"Someone found a battery and we hooked a lamp to it. Every now and then Conn would turn it on and write an entry into a book that included the time and what we were doing. It was the only light we had for most of the time we were trapped."

      Sometimes they sang. Other times they talked about hunting or fishing. Mostly they sat and waited as miners from around the province worked frantically to rescue them. Some were barefaced, others wore a breathing apparatus designed by a German named Draeger. They became known as draegermen and, according to the CBC, it was the first time such breathing apparatus had been used in a Canadian mine rescue.

      By Friday morning 13 men were confirmed dead.

      Dosco general manager H.M.C. Gordon and mine manager George Calder held out little hope for the 50 men still trapped underground. But others were faintly hopeful for survivors because they could see a gauge on the mine’s air compressor fluctuating, an indication that somewhere in the mine air was being used.

      By Saturday the rescuers, including barefaced miners, had reached the 975-metre level, only to find a smouldering fire. Fearing a second explosion, they temporarily abandoned the mine. A decision was made to snuff out the fire by sealing the shaft with concrete.

      "When we saw concrete-filled water running into the area where we were waiting, the room went completely silent. We all remembered that a mine in Belgium from which few survived had recently been sealed with concrete," Mr. Melanson said.

      "I was cold, hungry and scared. Conn Embree began asking the men if they wanted to record some thoughts in his journal. Many of the older guys did. I didn’t. I was too frightened."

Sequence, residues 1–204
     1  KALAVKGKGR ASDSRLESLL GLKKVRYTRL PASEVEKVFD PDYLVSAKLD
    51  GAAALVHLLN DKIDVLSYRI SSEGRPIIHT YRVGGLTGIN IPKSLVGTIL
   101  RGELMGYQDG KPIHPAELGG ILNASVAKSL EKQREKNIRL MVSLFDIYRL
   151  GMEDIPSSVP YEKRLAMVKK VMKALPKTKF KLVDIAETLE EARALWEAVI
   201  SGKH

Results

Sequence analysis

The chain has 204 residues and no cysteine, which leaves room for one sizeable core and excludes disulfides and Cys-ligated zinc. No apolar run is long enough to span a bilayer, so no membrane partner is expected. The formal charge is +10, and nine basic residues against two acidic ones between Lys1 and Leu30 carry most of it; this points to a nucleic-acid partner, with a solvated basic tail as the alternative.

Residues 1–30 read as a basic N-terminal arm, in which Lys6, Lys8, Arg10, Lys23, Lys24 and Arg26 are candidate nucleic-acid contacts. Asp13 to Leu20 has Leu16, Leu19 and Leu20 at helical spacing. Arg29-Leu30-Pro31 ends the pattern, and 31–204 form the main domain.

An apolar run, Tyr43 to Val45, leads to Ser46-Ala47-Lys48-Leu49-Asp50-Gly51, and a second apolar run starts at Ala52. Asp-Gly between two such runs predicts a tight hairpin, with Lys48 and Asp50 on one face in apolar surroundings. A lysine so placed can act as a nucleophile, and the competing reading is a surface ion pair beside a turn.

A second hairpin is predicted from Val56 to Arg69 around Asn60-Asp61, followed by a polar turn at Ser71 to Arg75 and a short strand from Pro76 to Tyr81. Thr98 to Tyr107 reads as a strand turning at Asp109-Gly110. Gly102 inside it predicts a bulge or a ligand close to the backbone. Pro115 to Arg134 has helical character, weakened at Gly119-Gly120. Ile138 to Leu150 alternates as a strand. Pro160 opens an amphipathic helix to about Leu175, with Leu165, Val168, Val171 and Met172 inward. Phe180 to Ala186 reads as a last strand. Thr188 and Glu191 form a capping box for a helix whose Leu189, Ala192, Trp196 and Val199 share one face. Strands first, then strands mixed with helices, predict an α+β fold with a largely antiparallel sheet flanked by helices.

The rescuers, despite the gas and threat of explosions, dug deeper into the mine. They worked around the clock. Two of them succumbed to gas. Others were knocked unconscious and were carried out of the mine and taken to hospital. Once they recovered they immediately rejoined the rescue efforts.

      Late Sunday evening, after digging through several rockfalls, the rescuers reached the 1,640-metre level.

      "I’ll never forget hearing that thump on the trap door. Or the sight we saw when we opened it. It was a group of draegermen. They told us help was on the way, Melanson said, a small smile breaking out on his face.

      "It was a miracle they found us. One that was created by the hard work of the rescuers and the wisdom of Conn Embree. It was his efforts, his knowledge of mines that kept us trapped men alive."

      When word of survivors reached the surface, it spread through town like wildfire. A large crowd gathered at the wrecked pithead, anxious to find out who had survived.

      Rescuers began removing the survivors from the mine shortly after midnight on Monday, Nov. 5. "The CBC read the name of each man as they were brought to the surface. I was taken out at around 3 a.m. They took me to the hospital and then to the armoury," Mr. Melanson said.

      "Thirty-nine people were killed in the disaster, including my two friends. Today, I remember them every Miners Memorial Day on June 11 by going to the service and by saying a little prayer for them each day."

      Mr. Melanson never went back into the Springhill mines, but he continued mining in River Hebert. He also spent many years urging people to remember Springhill’s mining disasters, through appearances in schools and working as a tour guide at the Springhill Miners Museum.

      "We can’t ever forget them," he said, his eyes and head dropping as if in silent prayer.

      To mark the anniversary the community is holding a service tonight at the Anglican church beginning at 7 p.m.

      "I will be there to offer my prayer for my lost friends and to remember," Mr. Melanson said. "It’s the least I can do."

      Springhill Mine Disaster Books:

      Last Man Out - Melissa Fay Greene
      Miracle at Springhill - Leonard Lerner